In honour of the upcoming National Day for Truth and Reconciliation, join us to hear from Judy Pelly, Knowledge Keeper/Cultural Advisor for an informative discussion on her experience as a residential school survivor and why truth and reconciliation is important.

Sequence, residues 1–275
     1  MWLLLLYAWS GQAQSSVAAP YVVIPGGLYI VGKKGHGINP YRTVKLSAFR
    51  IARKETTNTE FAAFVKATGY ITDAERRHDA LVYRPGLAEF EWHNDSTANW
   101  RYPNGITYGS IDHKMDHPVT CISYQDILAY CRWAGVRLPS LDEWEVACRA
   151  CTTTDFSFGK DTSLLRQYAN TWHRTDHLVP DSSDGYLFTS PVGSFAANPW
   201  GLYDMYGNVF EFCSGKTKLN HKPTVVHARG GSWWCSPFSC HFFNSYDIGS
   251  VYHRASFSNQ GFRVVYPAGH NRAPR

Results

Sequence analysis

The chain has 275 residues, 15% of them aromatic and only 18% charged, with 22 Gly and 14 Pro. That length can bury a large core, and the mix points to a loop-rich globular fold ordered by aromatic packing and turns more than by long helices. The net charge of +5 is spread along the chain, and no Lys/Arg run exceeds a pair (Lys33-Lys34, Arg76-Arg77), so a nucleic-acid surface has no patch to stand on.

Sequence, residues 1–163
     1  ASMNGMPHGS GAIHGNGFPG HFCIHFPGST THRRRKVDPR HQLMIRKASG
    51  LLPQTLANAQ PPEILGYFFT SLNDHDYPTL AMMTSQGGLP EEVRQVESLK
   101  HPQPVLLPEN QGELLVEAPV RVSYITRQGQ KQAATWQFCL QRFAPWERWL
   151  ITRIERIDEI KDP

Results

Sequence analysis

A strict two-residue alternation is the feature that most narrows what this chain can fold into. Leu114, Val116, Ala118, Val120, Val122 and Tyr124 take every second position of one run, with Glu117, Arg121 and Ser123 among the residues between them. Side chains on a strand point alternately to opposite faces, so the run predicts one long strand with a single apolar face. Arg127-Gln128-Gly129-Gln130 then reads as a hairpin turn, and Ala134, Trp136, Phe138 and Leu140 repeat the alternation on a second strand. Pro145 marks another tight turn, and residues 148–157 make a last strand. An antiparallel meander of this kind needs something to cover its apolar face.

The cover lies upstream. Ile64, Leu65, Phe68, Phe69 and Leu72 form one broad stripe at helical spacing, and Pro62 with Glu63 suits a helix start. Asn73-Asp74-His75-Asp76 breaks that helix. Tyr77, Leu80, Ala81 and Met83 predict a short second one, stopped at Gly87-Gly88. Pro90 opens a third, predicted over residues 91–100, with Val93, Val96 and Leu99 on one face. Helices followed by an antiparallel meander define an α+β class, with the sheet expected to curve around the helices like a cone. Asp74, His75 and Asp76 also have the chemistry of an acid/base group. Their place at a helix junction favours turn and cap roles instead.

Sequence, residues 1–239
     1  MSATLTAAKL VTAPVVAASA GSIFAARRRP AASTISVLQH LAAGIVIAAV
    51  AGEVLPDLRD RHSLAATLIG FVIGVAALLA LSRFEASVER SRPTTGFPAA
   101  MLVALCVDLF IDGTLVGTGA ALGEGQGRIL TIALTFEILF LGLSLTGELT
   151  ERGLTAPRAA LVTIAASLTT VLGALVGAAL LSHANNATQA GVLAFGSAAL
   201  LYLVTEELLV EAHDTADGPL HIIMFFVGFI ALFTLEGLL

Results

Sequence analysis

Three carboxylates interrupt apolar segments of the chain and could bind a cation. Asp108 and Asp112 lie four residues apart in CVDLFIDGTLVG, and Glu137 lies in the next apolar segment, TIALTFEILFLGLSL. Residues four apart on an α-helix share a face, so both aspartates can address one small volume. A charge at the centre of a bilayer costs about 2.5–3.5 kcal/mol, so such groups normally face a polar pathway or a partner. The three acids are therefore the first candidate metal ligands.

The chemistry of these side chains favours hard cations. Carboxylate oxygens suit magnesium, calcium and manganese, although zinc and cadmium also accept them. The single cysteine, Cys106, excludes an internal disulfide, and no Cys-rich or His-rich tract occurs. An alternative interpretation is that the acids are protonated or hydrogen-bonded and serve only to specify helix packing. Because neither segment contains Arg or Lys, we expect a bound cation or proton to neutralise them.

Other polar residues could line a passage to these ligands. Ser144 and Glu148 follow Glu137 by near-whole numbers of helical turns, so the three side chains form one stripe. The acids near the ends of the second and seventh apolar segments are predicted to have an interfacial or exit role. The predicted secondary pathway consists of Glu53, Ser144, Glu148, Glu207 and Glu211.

Judy Pelly is a Knowledge Keeper/Cultural Advisor born and raised on Cote First Nation. She is a mother of three sons and a kookom to five grandchildren. Judy was raised with Anishinaabe/Saulteaux cultural traditions, she is a practitioner and attends and participates in her family/community cultural ceremonies. She attended St. Phillips Indian Residential School from age 6-13 years until 1964. Judy received her post-secondary education at the University of Saskatchewan. She worked with Alberta Learning as Education Manager for 15 years and returned to Saskatoon in 1996 and worked in various capacities with the Federation of Sovereign Indigenous Nations (FSIN) institutes. She retired from the Saskatchewan Indian Institute of Technology SIIT as Dean of Community and Health Studies in 2015 after 21 years of service. She now serves as an advisor to many organizations, including the Saskatoon City Police, the Royal Canadian Mounted Police, the University of Saskatchewan and the Saskatchewan Health Authority Mental Health and Addiction Services Adult Outreach. She shares her knowledge of Anishinaabe way of life and protocol help others understand the importance of growing together in communities, businesses, service-industries, schools and homes.